Music Ed Monday – … Now Go Do It

by Kenley

In the last few posts, we’ve talked about visualizing our classroom – “What if it were…” and “What does that look like?”

Now comes the hardest one:

Now go do it.

The cliche is “if you build it, they will come,” isn’t it? But the problem with cliches is that so many of them are true.  Another good cliche that I love comes from (I think) music educator Tim Lautzenheizer: “All good programs are personality-driven.”

When you project the ideas of visualization, it’s really inspiring.  Have similar people inspired you like that in the past? Do they continue to inspire you in the present? It’s wild, we even have a word for people who think that way: visionaries.

But, what’s perhaps the most inspiring about these individuals is that they often have credibility because they’ve reached their goals.

Look at Tim Berners-Lee, imagining a world where everyone could connect and share information instantly via computers.

Look at Dave Eggers, wanting to open an area where local writers can help mentor kids and improve with literacy in a public space (in his case, 826 Valencia).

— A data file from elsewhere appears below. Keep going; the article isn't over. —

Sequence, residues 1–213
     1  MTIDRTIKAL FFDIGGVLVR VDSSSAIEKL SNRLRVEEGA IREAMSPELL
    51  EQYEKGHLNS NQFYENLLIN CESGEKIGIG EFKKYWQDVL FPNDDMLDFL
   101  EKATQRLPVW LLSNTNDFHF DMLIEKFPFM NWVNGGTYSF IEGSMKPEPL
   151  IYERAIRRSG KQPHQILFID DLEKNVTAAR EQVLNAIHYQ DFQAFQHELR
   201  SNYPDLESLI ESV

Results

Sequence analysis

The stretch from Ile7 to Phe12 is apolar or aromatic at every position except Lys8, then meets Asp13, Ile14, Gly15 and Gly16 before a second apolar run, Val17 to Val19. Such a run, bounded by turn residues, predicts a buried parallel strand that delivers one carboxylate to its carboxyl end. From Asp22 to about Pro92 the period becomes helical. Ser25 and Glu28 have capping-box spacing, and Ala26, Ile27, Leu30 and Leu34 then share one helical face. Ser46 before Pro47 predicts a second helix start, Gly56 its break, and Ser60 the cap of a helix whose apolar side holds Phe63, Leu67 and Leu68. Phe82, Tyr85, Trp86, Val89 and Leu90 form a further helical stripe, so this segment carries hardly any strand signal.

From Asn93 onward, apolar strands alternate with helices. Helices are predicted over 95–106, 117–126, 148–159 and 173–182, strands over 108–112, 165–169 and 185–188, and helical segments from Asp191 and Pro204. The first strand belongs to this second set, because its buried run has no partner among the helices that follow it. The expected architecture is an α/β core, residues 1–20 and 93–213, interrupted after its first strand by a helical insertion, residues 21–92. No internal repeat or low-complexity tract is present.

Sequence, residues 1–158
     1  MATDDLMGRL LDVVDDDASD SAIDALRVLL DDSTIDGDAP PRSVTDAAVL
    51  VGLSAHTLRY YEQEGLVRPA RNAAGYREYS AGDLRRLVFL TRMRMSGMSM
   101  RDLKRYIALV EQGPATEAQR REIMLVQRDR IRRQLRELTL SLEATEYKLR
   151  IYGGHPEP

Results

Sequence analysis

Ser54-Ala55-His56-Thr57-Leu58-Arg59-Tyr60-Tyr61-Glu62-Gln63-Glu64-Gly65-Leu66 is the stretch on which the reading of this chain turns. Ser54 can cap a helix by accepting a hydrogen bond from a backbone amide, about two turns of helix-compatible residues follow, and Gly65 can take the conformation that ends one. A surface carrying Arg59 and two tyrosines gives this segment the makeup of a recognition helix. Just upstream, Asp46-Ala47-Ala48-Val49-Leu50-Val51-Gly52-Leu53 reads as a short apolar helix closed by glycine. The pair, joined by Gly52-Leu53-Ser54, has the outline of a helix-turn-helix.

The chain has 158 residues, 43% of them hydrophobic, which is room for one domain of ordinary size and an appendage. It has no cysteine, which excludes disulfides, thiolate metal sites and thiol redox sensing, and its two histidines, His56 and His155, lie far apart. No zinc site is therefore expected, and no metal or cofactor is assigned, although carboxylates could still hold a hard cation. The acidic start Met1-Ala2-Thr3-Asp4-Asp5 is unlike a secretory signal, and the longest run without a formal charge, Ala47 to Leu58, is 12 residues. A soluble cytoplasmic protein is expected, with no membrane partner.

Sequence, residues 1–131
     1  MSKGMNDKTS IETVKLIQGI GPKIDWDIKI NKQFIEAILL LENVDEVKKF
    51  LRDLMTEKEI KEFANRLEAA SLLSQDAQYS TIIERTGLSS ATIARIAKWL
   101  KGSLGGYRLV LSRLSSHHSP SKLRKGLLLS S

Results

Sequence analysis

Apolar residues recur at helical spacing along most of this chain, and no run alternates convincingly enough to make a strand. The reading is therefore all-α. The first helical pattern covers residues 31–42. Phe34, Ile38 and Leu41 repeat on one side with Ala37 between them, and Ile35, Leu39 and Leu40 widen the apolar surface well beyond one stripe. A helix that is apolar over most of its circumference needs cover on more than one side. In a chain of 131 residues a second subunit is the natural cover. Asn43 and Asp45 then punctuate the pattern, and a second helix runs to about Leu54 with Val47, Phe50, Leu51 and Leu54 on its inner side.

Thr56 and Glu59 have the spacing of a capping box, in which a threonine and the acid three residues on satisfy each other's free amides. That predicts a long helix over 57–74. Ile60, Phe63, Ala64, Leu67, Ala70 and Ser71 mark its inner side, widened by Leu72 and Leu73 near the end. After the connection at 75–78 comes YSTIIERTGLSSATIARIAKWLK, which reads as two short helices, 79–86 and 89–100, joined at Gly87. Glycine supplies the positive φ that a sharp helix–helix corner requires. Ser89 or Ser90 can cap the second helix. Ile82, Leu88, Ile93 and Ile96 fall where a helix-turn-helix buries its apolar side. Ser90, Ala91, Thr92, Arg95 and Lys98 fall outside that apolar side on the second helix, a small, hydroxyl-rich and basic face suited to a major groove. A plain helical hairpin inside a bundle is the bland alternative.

Our goals as teachers are smaller in scale, but no less grand.  I don’t know about you, but I want to foster healthy, literate minds who are motivated to improve the world they live in.  As we teach them, we prompt the questions: “What if…” then “What does that look like…”

And then finally we give them the silver bullet: “Now go do it.” 🙂

They what inspiring people look like to us is often how we look to our students.  A bit of pressure, but what’s stopping you? You can do it – what if/what does it look like/now go do it.”  All good programs are personality-driven and, without even realizing, I bet that you already do it, just let them see your process.

Assignment:
Complete your goal.  If you do it, post in the comments below and let us know how it went! If you feel especially courageous start a new goal and don’t worry about instant gratification.  What if it’s a 2-year goal? A 3-year goal? A 5-year goal?

Thanks for reading and happy teaching!
Kenley

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